NFTs are slowing and this is the next big thing in crypto....Ann Inw's piece from last October...has it stood the test of time?

I was right when I said I’m not worried about the last month’s Evergrande-induced market pullback. I mentioned how this, to quote JPowell regarding inflation, is TRANSITORY. Crypto folk will find something to hype about, no bear market shall keep them bored.

The short attention span nature of crypto, combined to strive for innovation and growth — both in terms of net worth and tech — has made new things keep popping up in the crypto space.

See it as good or bad, but hopping into the newest shinier train is the norm currently. And every time, it is always interesting.

This time, it’s DeFi 2.0

The NFT hype is slowing down. NFTs are DAOnizing themselves now, launching tokens — like Bored Aped Yacht Club NFTs — and jumping around regulations to not be called “securities” (Gotta keep making money somehow but it’s proven to be difficult.)

In short, crypto needs something new to be excited about. And DeFi 2.0 is perfect. It comes at the right time.

Missing the first DeFi summer in 2020? This might be your chance to spot the next AAVE, Sushi, and MakerDAO.

DeFi 1.0 but on non-Ethereum chains

DeFi 2.0 has many faces.

One of those faces is: It is similar to the initial DeFi craze. Only this time, it doesn’t happen on Ethereum. But rather on a small up-and-coming chain like Avalanche, Solana, and my new blockchain crush, Fantom.

People are rushing into these platforms not without reason. The high Ethereum gas fee has made adventuring between protocols and dApp no longer viable nor it is fun. It will be hard for you to explore various DeFi apps’ features just because, unless paying $40 per smart contract execution is a no-brainer (i.e. you are a whale.)

You go to Ethereum when you want to park funds and wait until your kids are ready for college, not because you want to ape or degen-farm into some new and hyped protocols, get airdrops, or just to fulfill your curiosity. Those are the good old days.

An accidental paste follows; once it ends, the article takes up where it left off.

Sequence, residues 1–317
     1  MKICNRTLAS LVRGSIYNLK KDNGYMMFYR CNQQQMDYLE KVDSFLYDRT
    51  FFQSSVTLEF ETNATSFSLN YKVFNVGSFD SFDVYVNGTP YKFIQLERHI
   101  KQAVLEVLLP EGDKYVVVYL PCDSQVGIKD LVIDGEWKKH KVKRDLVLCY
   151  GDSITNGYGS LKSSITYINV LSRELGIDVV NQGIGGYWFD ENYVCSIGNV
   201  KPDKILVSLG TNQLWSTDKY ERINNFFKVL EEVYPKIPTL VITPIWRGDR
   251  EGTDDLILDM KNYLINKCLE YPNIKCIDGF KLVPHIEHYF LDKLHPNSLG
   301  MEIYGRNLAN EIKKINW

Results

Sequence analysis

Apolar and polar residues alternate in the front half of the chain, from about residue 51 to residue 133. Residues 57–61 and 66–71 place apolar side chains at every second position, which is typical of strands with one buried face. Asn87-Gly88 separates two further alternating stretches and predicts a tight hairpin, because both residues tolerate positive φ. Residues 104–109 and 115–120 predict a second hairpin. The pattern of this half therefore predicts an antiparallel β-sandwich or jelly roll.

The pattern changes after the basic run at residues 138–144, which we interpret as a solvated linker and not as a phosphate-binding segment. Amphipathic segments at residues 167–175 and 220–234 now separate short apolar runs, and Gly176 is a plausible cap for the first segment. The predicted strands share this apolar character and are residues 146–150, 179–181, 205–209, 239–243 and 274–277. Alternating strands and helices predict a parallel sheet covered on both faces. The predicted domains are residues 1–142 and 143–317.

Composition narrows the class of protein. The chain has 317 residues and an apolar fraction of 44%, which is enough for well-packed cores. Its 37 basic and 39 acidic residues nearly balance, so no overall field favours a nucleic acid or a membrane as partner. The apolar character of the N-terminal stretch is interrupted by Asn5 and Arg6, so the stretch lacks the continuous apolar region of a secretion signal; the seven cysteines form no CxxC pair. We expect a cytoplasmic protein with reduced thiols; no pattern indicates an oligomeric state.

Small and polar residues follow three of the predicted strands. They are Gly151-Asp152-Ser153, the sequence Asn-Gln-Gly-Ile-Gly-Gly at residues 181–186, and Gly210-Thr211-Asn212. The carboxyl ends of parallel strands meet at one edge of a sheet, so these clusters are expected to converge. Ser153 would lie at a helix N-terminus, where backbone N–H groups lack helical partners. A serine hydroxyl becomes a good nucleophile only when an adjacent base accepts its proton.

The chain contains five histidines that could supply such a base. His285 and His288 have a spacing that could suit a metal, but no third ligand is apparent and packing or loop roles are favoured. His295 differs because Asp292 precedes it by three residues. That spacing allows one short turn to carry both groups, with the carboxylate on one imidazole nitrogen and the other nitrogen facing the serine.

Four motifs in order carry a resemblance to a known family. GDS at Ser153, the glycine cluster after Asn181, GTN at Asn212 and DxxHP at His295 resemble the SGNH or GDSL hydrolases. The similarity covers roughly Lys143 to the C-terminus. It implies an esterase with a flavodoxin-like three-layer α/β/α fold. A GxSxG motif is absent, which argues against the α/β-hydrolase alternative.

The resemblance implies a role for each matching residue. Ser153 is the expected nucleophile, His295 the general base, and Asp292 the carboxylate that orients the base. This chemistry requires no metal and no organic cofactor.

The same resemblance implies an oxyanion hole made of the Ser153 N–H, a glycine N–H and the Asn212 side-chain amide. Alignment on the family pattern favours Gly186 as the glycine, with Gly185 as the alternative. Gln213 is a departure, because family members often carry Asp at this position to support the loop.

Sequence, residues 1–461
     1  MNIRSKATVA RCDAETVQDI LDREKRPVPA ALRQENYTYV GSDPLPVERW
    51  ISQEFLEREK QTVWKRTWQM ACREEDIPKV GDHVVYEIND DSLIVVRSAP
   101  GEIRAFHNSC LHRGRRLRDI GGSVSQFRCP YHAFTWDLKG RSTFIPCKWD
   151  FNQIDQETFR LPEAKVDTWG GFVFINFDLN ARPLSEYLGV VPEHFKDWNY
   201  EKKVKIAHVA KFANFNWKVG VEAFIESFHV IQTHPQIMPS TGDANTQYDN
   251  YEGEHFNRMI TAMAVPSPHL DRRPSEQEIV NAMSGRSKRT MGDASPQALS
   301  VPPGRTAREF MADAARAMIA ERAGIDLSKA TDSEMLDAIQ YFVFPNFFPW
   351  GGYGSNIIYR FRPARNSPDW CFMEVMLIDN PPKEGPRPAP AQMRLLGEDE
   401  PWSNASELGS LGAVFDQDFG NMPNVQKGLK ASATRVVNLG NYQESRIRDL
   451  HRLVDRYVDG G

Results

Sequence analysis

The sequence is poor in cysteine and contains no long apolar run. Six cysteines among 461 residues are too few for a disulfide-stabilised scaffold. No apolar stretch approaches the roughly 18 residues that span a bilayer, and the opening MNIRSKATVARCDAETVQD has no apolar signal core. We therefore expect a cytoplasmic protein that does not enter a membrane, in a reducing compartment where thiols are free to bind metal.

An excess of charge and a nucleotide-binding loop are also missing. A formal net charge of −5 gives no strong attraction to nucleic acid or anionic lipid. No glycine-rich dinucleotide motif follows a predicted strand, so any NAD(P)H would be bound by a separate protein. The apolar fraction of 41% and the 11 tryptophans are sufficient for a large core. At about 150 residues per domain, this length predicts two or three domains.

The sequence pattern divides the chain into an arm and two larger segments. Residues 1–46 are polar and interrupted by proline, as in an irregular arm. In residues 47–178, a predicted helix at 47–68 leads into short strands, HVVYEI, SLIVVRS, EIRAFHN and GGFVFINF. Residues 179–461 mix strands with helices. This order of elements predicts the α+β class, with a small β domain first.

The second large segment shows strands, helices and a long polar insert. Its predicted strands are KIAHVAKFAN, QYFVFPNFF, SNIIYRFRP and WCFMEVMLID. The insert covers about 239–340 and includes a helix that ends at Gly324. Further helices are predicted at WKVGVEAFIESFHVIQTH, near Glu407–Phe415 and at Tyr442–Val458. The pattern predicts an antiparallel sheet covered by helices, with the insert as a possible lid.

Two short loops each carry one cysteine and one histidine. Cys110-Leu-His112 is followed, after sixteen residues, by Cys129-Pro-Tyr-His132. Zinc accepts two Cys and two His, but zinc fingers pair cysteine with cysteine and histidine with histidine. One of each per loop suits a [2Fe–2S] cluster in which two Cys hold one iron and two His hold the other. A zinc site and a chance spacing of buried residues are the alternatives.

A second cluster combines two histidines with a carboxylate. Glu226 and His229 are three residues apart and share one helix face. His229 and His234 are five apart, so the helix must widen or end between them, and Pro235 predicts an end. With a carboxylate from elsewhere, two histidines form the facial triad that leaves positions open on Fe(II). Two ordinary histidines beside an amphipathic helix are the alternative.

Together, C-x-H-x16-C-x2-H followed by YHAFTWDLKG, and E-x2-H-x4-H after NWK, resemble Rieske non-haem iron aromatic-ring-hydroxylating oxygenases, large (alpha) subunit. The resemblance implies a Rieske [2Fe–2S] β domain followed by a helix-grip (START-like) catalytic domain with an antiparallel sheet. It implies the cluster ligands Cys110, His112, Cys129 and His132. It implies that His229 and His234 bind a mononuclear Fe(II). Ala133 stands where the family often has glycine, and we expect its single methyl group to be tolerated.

Then people are going into lesser, cheaper chain offers that offer all these opportunities. In many areas, the experience is better too. Faster transaction speed, innovative UI, or simply fun theme and UX.

Trader Joe

The Uniswap of Avalanche Chain is one of the fastest-growing protocols in 2021.

On August 12th, the total value locked of this protocol is a mere $22 million. As of October 12th, the total value locked according to Defillama is $1.2 Billion.

The price of Trader Joe’s native token, $JOE has raised from around $0.03 to $1.6, while reaching $4 during its peak.

On October 12th, Trader Joe also launched the Banker Joe, basically extending the protocol services into borrowing and lending, not just swapping tokens and AMM.

Geist Finance

Geist Finance is another DeFi 2.0 star. This one is a Fantom lending protocol and is a fork of AAVE. Coming up seemingly so suddenly, no VC, from anonymous developers, and has multisig consists of some respectable people on crypto, the protocol gained traction very quickly. It locked volume from several hundred million to 2 billion in just one day, subsequently also raised Fantom price 30% in the same period.

I wrote about this phenomenon here.